I discovered knitting initially as a way to pass the time in trailers and dressing rooms while waiting to go on set as an actress. The repetitive action, the feel of the yarn and the time spent productively helped me calm any adrenaline or anxious energy that had been building in my body. Knitting helped me calm my mind, focus my breathing and concentrate on something simple and peaceful.
Later in my life I started a period of therapy. At a particularly low point and my lovely and immensely helpful therapist identified that knitting would once again aid in calming me, helping me hold space for myself and boost my self esteem with what I made. Although I had never stopped knitting it became a healthy coping mechanism, a go-to when I needed some extra support and one that I continue to rely on.
We are currently all living in a period of history where our comfort levels are challenged, almost daily, whether as a direct consequence of the pandemic, lockdown, the necessary conversations and spotlight on triggering issues such as Black Lives Matter or the #MeToo Movement. Let alone a million other things like social media, 24 hour news cycles...the list goes on, and on.
For me and many of my students past and present, knitting offers a much welcomed respite from the noise of the world. A positive and proactive activity that is portable and comfortable. It is mediative. I have taught people who have been referred by therapists, recommended by friends after dealing with a mental health issue, trauma, burn out or simply overwhelm. One of the many things I love about teaching knitting is the safe, open space it creates for both conversation and stillness. I learn about my students, their day to day lives, their challenges, we share insights into our cultural backgrounds and experiences, we laugh and connect. But we also just knit together, we share a space of focus and quiet.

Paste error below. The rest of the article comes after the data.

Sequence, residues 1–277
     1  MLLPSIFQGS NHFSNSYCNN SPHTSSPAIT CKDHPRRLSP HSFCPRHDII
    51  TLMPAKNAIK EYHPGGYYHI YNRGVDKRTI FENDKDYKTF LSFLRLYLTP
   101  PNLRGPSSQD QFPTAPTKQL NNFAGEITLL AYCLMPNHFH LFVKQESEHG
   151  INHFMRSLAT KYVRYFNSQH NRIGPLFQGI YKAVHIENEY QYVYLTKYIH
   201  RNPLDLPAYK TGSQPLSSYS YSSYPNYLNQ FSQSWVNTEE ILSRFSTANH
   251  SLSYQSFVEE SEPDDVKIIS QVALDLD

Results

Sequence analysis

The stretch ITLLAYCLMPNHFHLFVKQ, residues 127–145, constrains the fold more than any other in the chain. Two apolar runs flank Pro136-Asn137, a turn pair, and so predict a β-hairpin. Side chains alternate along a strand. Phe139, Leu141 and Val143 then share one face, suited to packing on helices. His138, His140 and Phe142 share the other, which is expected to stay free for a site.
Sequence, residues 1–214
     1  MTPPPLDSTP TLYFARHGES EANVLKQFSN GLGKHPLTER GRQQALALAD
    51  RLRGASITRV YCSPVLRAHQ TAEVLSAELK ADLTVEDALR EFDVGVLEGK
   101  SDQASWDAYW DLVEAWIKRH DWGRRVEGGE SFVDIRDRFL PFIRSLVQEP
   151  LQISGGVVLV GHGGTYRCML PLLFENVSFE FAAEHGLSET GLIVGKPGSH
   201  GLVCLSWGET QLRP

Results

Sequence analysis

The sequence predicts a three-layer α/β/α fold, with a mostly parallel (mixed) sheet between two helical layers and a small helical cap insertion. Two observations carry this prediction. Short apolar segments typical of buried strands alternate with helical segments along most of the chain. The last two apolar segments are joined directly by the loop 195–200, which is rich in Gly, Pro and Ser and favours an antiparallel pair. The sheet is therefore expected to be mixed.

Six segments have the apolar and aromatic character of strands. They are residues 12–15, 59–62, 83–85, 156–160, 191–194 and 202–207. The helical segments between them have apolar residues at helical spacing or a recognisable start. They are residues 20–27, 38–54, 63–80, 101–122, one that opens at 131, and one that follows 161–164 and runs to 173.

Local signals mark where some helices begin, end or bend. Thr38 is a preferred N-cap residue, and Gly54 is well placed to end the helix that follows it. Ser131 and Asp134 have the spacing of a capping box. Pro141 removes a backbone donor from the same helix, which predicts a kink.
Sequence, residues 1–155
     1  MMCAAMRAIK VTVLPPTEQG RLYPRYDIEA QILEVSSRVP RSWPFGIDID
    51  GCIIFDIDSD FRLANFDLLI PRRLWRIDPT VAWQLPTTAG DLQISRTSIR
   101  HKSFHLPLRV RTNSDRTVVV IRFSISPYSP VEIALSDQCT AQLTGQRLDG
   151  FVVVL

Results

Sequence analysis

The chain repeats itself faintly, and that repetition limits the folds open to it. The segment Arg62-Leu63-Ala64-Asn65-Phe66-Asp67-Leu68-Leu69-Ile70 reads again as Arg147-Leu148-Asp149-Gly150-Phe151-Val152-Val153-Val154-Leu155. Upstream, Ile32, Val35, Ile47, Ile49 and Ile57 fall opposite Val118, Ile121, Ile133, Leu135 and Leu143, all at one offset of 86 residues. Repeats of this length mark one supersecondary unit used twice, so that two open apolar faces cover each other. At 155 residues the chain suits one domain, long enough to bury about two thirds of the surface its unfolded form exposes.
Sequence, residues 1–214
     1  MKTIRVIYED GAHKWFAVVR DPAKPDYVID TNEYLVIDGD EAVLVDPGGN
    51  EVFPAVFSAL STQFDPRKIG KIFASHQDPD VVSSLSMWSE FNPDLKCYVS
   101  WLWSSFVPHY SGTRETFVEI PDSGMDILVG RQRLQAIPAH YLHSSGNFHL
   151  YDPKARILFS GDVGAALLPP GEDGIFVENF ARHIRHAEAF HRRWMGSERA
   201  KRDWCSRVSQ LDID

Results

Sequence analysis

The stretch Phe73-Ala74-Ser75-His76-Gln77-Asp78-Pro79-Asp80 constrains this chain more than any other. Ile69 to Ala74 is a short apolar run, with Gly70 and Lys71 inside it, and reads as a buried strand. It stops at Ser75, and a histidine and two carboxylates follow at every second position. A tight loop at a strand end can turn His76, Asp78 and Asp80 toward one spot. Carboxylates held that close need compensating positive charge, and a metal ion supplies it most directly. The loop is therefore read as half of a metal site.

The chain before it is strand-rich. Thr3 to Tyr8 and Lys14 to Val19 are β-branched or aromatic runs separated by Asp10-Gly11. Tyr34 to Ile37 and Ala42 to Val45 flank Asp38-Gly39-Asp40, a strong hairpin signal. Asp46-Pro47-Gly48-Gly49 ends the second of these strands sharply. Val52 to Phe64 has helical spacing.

Through teaching knitting, a skill can continue to serve people for years to come, whatever they end up making with it, I get to see their confidence grow with their skills. I hear about the encounters and positive conversations it sparks in their life. The reconnections with family it helps bridge. It is truly a beautiful privilege to share a craft that continues to serve me personally, with people all over the world.
Once again I am at a point in my life where the knitting has become a necessary part of my self care routine and like always, it works. I am currently making my second Musselburgh Hat designed by Ysolda Teague. Having just made one for my daughter I am now knitting one for myself using a sock weight yarn. A simple and beautiful Watchman style hat which requires a lot of straightforward knitting (after the shaping section), it is giving me space to breathe and a much appreciated sense of calm and peace. I am so so grateful to have knitting in my proverbial bag of healthy coping strategies for when life gets a little too heavy....plus I get to make beautiful things for my friends, daughter and myself! BONUS!
You can learn all of the required skills for this pattern and more with my Beginner Knitting course or pick the specific skills class you need with the single class options. An Intro to Circular Knitting is coming to the website very soon. Be sure to sign up to my mailing list, The Loop, to be notified.